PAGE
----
; The address at which the IRQ vector is stored.

.alias irq_vec          $fffe        ; p. 411

; The zero-page address of the 6510's I/O register.

.alias io_ctrl          $01          ; p. 310, "6510 On-Chip 8-Bit
                                     ; Input/Output Register"

; KERNAL and BASIC ROMs, p. 320

.alias kernal           $e000
.alias basic            $a000

; Zero-page addresses that the memory-copy routine uses for
; scratch space: "FREKZP", p. 316

.alias zp               $fb
.alias stop_at          $fd

; ----- Main Routine -----

; This routine is intended to be called by the user (by, e.g., SYS 49152).
; It installs the raster interrupt handler and returns to the caller.

; Key to installing the interrupt handler is altering the IRQ service
; vector.  However, under normal circumstances, the address at which
; this vector is stored ($ffffe) maps to the C64's KERNAL ROM, which
; cannot be changed.  So, in order to alter the vector, we must enable
; the RAM that underlies the ROM (i.e. the RAM that maps to the same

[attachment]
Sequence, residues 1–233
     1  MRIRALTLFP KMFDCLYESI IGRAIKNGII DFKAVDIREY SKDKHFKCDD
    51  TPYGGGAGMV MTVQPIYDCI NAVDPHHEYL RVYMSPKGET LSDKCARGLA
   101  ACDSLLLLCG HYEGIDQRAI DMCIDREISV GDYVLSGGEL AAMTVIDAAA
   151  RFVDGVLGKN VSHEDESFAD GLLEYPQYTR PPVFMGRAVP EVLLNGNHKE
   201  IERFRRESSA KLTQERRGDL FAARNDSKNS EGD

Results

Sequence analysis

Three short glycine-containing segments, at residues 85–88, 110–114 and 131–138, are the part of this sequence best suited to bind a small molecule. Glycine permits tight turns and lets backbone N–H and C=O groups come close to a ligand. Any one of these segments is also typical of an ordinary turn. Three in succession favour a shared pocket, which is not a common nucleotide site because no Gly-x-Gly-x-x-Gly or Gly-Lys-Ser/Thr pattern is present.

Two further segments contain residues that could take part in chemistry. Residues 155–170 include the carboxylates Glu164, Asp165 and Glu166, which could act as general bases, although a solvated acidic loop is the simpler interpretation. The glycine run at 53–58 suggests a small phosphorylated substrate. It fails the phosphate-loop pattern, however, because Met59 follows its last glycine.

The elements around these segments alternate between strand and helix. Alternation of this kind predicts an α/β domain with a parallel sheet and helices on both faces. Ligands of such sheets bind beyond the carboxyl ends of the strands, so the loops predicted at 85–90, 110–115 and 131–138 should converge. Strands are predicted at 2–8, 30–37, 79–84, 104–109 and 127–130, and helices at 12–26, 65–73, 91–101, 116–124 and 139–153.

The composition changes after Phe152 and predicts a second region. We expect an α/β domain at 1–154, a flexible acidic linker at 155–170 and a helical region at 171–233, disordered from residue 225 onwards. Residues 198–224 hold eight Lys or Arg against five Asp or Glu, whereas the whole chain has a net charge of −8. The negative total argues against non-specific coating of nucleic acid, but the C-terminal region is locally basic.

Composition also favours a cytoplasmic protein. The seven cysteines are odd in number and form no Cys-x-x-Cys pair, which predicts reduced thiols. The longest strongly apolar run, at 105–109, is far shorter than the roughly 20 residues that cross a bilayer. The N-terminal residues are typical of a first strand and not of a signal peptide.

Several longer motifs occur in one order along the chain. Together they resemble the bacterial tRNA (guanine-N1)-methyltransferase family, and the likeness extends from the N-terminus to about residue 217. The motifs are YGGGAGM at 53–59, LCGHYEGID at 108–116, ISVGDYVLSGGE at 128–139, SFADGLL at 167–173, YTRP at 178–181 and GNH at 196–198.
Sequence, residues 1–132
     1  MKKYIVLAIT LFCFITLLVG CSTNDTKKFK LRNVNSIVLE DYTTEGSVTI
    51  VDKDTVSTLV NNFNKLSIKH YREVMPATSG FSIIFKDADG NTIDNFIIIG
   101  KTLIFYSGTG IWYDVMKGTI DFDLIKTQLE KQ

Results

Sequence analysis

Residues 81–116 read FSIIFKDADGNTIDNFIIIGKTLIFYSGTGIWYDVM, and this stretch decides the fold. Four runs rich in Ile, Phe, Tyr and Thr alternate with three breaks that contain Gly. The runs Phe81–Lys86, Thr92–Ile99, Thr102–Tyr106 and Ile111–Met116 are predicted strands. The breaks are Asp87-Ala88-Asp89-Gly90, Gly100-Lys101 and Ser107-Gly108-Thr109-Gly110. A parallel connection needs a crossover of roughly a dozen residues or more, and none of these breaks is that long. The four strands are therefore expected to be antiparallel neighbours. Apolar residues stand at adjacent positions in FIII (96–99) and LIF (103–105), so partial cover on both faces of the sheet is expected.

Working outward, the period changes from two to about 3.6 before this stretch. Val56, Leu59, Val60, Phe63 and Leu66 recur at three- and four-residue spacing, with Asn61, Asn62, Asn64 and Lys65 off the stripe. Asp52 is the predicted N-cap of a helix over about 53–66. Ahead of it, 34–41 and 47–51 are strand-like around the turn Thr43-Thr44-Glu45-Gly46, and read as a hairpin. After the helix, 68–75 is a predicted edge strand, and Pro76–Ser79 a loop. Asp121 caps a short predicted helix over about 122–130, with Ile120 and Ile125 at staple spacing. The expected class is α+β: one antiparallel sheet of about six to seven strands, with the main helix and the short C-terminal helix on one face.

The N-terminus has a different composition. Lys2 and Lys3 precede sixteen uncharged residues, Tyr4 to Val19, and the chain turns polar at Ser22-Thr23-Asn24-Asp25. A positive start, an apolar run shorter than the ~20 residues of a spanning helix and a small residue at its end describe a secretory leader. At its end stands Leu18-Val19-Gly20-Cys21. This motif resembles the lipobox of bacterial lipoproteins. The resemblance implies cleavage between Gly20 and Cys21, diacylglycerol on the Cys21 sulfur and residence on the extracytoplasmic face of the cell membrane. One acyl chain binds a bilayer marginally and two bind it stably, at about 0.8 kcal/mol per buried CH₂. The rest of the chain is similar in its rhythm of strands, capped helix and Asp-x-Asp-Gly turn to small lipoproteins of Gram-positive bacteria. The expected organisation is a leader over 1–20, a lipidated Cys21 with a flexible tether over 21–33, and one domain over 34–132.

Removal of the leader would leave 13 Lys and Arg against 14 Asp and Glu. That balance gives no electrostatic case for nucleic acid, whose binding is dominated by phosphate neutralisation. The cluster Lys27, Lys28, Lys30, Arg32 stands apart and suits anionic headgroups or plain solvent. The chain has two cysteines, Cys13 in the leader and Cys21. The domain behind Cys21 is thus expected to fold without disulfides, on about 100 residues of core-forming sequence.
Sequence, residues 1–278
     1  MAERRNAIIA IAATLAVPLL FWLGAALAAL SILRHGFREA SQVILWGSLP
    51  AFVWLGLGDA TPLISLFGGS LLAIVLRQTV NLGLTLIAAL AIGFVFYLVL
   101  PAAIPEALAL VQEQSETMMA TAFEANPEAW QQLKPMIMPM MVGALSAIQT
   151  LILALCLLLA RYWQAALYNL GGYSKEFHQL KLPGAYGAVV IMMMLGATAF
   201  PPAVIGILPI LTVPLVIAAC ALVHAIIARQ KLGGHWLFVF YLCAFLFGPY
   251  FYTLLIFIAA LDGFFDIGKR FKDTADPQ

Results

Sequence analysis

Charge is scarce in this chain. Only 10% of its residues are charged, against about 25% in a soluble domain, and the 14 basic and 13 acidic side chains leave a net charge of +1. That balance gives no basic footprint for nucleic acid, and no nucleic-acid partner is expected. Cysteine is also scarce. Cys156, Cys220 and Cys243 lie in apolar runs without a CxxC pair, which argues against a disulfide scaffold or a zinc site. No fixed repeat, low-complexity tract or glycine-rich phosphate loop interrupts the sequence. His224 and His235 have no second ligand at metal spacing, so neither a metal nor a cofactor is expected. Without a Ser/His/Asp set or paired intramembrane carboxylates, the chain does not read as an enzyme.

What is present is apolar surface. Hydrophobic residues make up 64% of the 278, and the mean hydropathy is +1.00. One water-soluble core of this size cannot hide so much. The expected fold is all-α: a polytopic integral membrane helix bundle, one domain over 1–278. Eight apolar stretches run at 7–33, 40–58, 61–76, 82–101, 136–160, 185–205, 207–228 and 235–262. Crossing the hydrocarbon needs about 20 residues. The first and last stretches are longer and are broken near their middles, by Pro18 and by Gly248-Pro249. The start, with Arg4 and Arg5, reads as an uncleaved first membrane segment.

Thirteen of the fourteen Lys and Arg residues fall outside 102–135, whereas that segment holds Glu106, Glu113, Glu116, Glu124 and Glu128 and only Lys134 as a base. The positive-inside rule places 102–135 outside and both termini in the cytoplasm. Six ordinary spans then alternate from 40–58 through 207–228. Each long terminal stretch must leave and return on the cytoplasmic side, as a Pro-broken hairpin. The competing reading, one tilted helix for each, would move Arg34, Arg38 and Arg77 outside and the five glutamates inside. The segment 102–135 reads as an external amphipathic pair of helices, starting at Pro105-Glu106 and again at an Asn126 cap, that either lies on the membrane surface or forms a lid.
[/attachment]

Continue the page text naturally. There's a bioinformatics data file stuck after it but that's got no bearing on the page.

; address space as the KERNAL ROM.)  If we were writing a bare-metal
; game, and didn't need any KERNAL routines or support, we could just
; switch it off.  But for this demo, we'd like the raster effect to
; occur in the background as we use BASIC and whatnot, so we need to
; continue to have access to the KERNAL ROM.  So what we do is copy the
; KERNAL ROM to the underlying RAM, then switch the RAM for the ROM.

                jsr copy_rom_to_ram

; Interrupts can occur at any time.  If one were to occur while we were
; changing the interrupt vector - for example, after we have stored the
; low byte of the address but before we have stored the high byte -